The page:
This is the first time HMIC has graded forces on their legitimacy, so no year-on-year comparison is possible.
Essex Police has a strong ethical culture that supports staff to do the right thing. The chief constable is the driving force behind the work to instil this ethical culture. The force has initiated wellbeing days across each of the local policing areas. Despite two separate processes, operated by different departments, the complaints system is viewed as fair by all staff and the force is striving to eradicate any inconsistencies.
When HMIC looked at how well the force understands and successfully engages with all the people it serves, we found that the force uses an extensive range of methods to ensure it engages effectively with local people, and is able to demonstrate that outcomes or solutions are achieved. The force demonstrates an understanding of its local communities and it is able to provide effective means by which priorities and concerns can be raised and addressed. Stop and search and Taser are two ways that the police can prevent crime and protect the public. However, they can be intrusive and forceful methods, and it is therefore vital that the police use them fairly and appropriately. Many of the elements of the Best Use of Stop and Search scheme have been implemented and there is effective independent oversight. Use of Taser is subject to monitoring at a number of levels within the force although there is a lack of independent oversight. There is effective oversight of stop and search in Essex, and Taser is used fairly and appropriately.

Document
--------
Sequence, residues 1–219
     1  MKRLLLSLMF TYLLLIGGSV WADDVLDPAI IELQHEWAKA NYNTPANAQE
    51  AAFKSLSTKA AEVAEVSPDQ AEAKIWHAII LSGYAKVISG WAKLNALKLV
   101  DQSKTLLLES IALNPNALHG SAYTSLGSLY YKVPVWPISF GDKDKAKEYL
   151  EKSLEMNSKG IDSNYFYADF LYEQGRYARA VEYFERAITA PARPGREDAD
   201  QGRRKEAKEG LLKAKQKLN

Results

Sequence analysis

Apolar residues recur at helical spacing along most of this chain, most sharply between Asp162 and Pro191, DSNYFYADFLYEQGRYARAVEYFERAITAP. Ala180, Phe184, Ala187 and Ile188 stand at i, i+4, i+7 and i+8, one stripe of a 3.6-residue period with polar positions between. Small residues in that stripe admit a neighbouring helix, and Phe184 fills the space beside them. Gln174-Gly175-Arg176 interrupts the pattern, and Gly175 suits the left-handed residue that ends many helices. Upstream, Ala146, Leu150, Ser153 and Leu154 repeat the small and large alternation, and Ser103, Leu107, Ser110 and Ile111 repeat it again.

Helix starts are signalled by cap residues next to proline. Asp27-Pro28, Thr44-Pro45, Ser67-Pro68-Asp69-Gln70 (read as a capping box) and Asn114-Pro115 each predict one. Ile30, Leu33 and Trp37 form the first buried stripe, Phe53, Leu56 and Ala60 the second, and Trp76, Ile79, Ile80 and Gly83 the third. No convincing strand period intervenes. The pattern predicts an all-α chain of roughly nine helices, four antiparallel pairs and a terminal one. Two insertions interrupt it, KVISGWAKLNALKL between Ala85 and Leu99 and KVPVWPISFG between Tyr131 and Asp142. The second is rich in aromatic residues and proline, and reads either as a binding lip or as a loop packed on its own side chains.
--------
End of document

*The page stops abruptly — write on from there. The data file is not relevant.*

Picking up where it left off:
How well has the force performed in our other inspections?
In addition to the three core PEEL pillars, HMICFRS carries out inspections of a wide range of policing activity throughout the year. Some of these are conducted alongside the PEEL inspections; others are joint inspections.
Findings from these inspections are published separately to the main PEEL reports, but are taken into account when producing the rounded assessment of each force's performance.
As part of HMIC’s annual all-force inspections into police effectiveness, efficiency and legitimacy (PEEL) in 2015, HMIC assessed how well led forces are at every rank and grade of the organisation and across all areas inspected in PEEL. We reviewed how well a force understands and is developing its leaders; whether it has set a clear and compelling future direction; and how well it motivates and engages the workforce.
Essex Police is a well led force. It understands what is expected of leaders at every level and communicates this across the organisation. The chief officer team has a clear and realistic sense of the force’s priorities, though the force could take further action to ensure that its workforce fully understands this.
The force has begun a programme to invest in the leadership development of the workforce, and has updated its annual performance review process, but work is still required for the whole workforce to be fully involved in and supportive of the process.
This section sets out the reports published by HMIC this year that help to better understand the performance of Essex Police.